incumbent

noun
in·​cum·​bent | \ in-ˈkəm-bənt How to pronounce incumbent (audio) \

Definition of incumbent

 (Entry 1 of 2)

1 : the holder of an office or ecclesiastical benefice
2 : one that occupies a particular position or place

incumbent

adjective
in·​cum·​bent | \ in-ˈkəm-bənt How to pronounce incumbent (audio) \

Definition of incumbent (Entry 2 of 2)

1 : imposed as a duty : obligatory incumbent on us to take action
2 : having the status of an incumbent (see incumbent entry 1) the team's incumbent third baseman especially : occupying a specified office the incumbent mayor
3 : lying or resting on something else
4 : bent over so as to rest on or touch an underlying surface

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The Religious History of Incumbent

Noun

When incumbent was first used in English in the 15th century, it referred to someone who occupied a benefice—a paid position in a church. This was often a lifetime appointment; the person could only be forced to leave the office in the case of certain specific legal conflicts. In the mid-17th century, incumbent came to refer to anyone holding any office, including elected positions. These days, in the American political system, incumbent generally refers to someone who is the current holder of a position during an election to fill that position. Incumbent came to English through Anglo-French and derives from the Latin incumbere, meaning "to lie down on."

Examples of incumbent in a Sentence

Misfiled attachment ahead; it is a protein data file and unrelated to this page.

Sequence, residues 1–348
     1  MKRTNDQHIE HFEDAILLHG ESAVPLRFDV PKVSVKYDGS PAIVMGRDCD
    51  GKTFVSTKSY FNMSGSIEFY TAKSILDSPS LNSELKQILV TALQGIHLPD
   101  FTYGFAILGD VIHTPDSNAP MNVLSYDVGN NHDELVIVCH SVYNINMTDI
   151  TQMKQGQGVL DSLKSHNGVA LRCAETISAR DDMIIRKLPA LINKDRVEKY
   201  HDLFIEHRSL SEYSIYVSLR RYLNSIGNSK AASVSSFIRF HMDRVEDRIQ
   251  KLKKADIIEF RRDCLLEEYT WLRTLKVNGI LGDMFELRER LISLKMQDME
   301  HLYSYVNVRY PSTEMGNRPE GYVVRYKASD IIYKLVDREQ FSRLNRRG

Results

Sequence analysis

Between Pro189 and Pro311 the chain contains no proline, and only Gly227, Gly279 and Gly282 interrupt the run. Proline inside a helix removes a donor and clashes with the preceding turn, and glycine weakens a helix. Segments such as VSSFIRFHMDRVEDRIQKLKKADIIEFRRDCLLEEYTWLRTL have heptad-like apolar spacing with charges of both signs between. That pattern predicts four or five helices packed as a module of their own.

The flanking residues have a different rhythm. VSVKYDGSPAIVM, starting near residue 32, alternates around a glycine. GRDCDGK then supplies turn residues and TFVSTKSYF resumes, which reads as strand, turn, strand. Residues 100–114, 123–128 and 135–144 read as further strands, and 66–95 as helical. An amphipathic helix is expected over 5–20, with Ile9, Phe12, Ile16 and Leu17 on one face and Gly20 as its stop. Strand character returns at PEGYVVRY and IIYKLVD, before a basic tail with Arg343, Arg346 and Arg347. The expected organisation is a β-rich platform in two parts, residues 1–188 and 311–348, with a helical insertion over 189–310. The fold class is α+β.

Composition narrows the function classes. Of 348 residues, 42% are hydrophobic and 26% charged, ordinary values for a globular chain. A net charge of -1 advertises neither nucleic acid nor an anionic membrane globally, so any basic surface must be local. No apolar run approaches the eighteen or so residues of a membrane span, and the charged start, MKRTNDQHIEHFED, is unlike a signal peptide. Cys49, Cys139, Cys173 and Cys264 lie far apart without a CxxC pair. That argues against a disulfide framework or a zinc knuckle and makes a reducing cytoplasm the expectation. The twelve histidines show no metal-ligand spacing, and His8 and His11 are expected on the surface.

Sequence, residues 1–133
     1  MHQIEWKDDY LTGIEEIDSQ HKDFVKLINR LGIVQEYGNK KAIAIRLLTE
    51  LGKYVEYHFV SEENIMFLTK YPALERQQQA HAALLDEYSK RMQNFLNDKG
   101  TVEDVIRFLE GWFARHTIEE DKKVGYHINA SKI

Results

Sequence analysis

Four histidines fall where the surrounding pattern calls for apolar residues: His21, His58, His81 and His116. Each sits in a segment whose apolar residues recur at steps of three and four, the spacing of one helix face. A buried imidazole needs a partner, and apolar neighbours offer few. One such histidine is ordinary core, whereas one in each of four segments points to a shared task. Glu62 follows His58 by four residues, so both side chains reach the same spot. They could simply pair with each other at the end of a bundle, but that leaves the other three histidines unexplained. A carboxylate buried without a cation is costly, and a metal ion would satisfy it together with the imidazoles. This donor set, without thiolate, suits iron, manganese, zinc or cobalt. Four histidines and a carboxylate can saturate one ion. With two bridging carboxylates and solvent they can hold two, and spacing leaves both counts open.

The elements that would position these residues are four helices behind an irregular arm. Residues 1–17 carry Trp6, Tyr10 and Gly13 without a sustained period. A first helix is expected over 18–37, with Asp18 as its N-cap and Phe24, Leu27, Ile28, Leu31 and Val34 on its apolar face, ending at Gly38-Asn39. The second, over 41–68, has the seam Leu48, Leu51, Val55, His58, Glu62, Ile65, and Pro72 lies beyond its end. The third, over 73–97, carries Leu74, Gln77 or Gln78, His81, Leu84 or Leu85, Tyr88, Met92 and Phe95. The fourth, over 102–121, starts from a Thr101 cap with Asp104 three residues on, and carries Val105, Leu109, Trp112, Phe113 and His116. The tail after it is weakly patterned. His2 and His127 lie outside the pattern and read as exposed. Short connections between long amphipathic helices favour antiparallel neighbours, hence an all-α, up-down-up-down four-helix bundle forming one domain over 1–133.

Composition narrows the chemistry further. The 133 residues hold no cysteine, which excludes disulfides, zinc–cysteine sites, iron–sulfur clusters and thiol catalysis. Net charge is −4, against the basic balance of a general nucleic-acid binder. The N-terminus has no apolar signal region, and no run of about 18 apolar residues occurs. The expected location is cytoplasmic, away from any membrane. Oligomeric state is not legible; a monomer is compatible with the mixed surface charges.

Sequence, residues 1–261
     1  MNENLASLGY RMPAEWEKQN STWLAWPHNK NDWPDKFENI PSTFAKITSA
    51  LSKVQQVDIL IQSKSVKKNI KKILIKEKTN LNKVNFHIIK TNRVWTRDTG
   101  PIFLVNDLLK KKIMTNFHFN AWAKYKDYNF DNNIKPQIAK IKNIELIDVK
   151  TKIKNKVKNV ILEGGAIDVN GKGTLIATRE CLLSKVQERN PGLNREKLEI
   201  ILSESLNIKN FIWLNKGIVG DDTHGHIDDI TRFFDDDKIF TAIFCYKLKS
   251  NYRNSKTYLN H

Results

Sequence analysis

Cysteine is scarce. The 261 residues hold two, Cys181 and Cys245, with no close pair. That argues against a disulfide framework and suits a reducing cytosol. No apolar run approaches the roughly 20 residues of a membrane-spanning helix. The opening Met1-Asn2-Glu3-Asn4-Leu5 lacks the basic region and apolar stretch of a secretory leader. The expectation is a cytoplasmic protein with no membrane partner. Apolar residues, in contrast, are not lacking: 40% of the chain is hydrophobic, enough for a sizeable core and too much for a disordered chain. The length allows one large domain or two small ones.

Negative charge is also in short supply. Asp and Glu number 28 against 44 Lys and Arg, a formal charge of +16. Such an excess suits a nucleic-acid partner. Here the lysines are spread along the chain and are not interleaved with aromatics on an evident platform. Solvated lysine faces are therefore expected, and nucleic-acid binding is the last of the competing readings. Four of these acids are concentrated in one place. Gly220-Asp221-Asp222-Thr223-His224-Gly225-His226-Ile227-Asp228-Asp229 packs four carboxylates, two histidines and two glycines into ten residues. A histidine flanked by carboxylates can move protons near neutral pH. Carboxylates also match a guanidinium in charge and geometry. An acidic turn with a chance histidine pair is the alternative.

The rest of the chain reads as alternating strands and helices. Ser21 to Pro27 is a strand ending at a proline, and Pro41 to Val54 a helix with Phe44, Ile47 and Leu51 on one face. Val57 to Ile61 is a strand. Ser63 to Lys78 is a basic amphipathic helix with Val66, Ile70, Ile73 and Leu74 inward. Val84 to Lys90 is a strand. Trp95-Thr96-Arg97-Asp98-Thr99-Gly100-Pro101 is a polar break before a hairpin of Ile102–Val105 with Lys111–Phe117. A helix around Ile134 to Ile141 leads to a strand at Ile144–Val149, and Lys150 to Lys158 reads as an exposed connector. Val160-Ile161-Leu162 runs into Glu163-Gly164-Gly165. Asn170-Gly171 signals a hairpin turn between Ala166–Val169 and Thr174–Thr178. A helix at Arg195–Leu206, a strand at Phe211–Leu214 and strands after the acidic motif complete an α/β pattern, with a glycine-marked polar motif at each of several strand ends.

Noun Because the statehouse now determines voting districts, the current map generally ensures that incumbents face minimal challenges to re-election. — Terry McCarthy, Time, 20 Dec. 2004 When Reagan and Clinton were seeking re-election, they didn't go after their opponents directly, in part because they didn't have to. Those incumbents knew that there's a point at which strong and tough can look weak and desperate. — Jonathan Alter, Newsweek, 9 Aug. 2004 Jane Austen was born into the downwardly mobile branch of an upper-middle-class family.  … None of the Austen children could inherit the family home from their father, a Church of England clergyman; after his death it would go to the next incumbent. — Kevin Barry, New York Times Book Review, 7 Dec. 1997 Voters will have the chance to see the incumbent and her opponent in a series of three debates. Incumbents often have an advantage in elections. Adjective It is incumbent upon the press to act not in its own best interests, but in society's best interests. — Carll Tucker, Saturday Review, 23 June 1979 … the various types of obligation incumbent on the members of the profession. — R. M. MacIver, Annals of the American Academy of Political and Social Science, January 1955 … Mr. Lorry felt it incumbent on him to speak a word or two of reassurance. — Charles Dickens, A Tale of Two Cities, 1859 it is incumbent upon you to attend every staff meeting